The District Court held the retaliation claim was first pled in the Plaintiff’s response to the motion for summary judgment. As such, there was no fair notice to the Defendants, who did not question this claim during the firefighter’s deposition. Marshall, at *12. As such, the claim failed on procedural and prejudicial grounds.
The District Court further held her MySpace photos were not entitled any First Amendment production. Marshall, at *12.
Court of Appeals: Putting Out the Fire
The Court of Appeals affirmed the District Court’s summary judgment on the firefighter’s gender discrimination and retaliation claims. Marshall, at *26.
The Plaintiff argued she suffered gender discrimination because she had a more severe punishment for her MySpace photos then male firefighters who also might have violated Department rules.
Without reciting all of the standards and tests for gender discrimination in the Court of Appeals’ analysis, the Court of Appeals held the Plaintiff failed in her burden to demonstrate that male employees who possibly engaged in similar conduct were treated differently than her. Marshall, at *17.
The Court of Appeals discussed that even if there were male firefighters who violated the rules on photos, the Fire Department Chiefs lacked knowledge of who those individuals were. Marshall, at *17. As stated before, when one of the Chiefs asked who were the other firefighters with the violating photos, the Plaintiff refused to name those individuals. Marshall, at *17-18. Moreover, one Chief stated that if there were other violators “they would have been treated exactly the same way as” the Plaintiff. Marshall, at *18.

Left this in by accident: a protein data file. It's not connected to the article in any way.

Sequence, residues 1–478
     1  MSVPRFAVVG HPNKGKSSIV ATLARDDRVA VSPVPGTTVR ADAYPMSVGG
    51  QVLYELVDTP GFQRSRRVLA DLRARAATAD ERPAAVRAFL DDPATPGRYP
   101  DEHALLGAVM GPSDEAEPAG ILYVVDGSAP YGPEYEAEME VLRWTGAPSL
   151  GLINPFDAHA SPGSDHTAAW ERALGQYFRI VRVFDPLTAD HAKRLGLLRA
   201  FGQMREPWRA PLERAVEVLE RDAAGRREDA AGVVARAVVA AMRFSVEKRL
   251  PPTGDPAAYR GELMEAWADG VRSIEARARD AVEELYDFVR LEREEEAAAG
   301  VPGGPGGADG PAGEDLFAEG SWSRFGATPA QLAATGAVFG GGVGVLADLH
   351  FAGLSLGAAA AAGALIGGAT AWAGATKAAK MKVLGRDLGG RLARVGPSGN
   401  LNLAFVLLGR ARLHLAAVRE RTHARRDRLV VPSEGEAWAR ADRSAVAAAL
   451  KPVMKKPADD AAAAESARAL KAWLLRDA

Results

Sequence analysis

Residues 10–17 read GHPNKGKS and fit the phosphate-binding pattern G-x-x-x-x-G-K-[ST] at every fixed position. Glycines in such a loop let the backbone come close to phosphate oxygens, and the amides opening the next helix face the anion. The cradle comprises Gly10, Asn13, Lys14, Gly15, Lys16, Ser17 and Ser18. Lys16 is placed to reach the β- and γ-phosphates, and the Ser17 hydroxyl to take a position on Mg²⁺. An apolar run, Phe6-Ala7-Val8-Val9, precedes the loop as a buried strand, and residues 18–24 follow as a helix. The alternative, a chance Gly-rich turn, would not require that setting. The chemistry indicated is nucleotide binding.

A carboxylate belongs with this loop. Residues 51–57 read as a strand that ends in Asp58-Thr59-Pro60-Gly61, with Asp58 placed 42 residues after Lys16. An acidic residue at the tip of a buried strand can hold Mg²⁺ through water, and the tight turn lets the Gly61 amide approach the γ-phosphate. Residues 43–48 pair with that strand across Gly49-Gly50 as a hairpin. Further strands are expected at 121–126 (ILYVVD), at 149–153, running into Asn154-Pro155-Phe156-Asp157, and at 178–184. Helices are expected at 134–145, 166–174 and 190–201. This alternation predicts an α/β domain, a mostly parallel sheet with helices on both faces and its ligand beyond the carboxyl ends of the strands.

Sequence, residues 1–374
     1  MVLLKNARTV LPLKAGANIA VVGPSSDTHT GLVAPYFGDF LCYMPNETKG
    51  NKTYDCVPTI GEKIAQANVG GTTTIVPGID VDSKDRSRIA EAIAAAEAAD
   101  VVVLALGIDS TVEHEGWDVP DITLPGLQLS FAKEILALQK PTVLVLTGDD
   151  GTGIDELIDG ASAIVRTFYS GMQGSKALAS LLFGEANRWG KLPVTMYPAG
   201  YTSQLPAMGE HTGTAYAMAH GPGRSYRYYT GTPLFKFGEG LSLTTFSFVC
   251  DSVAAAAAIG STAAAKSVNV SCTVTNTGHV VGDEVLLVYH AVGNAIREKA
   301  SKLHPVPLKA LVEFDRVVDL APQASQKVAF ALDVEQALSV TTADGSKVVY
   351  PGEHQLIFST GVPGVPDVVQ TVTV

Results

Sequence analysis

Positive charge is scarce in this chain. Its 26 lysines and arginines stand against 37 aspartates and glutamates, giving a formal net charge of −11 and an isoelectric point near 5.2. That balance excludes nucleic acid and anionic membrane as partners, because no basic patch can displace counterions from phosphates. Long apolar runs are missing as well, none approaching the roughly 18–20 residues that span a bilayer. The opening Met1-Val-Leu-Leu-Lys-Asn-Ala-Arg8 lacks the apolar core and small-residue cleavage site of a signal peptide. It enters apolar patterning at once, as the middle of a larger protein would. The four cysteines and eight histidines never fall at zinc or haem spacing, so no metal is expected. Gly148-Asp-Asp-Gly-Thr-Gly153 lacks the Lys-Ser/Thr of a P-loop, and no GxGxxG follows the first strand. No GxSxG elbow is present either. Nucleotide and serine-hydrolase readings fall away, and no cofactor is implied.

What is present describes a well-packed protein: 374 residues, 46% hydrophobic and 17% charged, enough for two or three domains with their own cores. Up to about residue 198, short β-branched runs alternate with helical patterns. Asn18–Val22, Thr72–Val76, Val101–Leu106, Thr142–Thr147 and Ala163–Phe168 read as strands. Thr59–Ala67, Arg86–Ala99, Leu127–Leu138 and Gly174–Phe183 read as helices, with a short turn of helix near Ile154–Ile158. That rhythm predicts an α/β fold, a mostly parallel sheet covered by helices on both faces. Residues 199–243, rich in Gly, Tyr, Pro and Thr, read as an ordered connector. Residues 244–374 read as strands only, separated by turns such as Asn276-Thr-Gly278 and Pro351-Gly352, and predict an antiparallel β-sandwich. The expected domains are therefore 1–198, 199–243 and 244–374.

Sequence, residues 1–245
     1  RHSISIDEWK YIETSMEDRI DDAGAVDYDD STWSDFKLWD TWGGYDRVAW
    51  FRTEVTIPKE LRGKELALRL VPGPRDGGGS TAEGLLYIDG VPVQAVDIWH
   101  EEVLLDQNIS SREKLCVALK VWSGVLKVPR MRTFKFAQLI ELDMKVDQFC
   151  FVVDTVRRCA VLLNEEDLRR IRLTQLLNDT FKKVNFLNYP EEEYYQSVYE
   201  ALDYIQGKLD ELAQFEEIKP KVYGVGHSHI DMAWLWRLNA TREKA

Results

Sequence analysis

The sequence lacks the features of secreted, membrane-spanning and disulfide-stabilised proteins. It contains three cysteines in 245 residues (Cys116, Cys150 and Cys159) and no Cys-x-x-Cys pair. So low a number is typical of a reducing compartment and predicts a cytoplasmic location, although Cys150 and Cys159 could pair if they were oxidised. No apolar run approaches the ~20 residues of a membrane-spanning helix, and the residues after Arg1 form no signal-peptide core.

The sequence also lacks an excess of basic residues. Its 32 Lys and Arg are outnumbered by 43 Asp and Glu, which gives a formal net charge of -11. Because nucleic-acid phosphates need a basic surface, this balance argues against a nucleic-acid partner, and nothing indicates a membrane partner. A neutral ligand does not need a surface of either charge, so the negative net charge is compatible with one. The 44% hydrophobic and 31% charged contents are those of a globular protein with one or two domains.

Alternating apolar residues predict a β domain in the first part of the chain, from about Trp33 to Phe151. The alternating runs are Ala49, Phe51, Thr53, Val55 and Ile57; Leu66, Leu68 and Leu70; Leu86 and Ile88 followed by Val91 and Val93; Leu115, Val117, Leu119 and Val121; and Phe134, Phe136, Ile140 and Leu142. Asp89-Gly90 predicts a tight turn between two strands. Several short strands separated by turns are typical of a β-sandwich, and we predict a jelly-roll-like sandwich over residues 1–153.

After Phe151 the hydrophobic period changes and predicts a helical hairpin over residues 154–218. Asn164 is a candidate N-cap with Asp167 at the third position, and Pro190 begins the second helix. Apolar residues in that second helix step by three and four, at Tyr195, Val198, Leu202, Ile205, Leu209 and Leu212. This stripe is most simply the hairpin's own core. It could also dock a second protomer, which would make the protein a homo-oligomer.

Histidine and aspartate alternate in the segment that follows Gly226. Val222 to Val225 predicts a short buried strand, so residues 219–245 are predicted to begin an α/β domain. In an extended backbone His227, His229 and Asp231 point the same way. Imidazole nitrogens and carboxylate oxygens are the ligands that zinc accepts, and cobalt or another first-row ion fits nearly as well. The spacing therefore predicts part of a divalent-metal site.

Since there was no proof the Chiefs had knowledge of other firefighters violating any of the City or Department’s rules and regulations, the Plaintiff could not make a prima facie case of gender discrimination. Marshall, at *18.
The Court of Appeals found the Plaintiff failed to plead a Title VII retaliation claim. Marshall, at *22. These pleading defects included statutory failures and alleging facts that showed the Plaintiff engaged in a protected activity. Marshall, at *23. The Court of Appeals further agreed that the lack of notice for the retaliation claim prejudiced the Defendant to support the Court’s ruling. Id.
Bow Tie Thoughts
This case would have raised some very interesting issues if the fire captain had not been able to access the photos publically and questioned the Plaintiff on a private profile.
Can an employer, after receiving a complaint and launching an investigation, compel an employee with strict public performance guidance to show what is on a private profile? What if this private profile was accessed from a work computer?
It is a matter of time before that case is litigated.
Thoughts on Social Networking
I think cases like this one will come up again. This was not the first social networking case and it certainly will not be the last.
Social networking sites allow for a collision between professional and private lives in ways people are still beginning to understand. Human Resource departments are either developing polices or realizing they need to develop policies.
Social networking sites are an excellent way to promote oneself, find people with similar interests and learn about industry trends. These sites also excel at putting people back in touch with classmates from grade school to grad school.
However, people need to be very careful when mixing their professional lives with their personal ones online.
One potentially hot button issue is someone posting a political charged status messages that can offend anywhere from 49% to 51% of their “Friends.” If someone has coworkers as “Friends” who disagree politically with a comment, it is not hard to imagine that causing strife, perhaps just under the surface, in the office.
I think the best advice for those mixing professional and person lives is to be careful what photos or comments you post.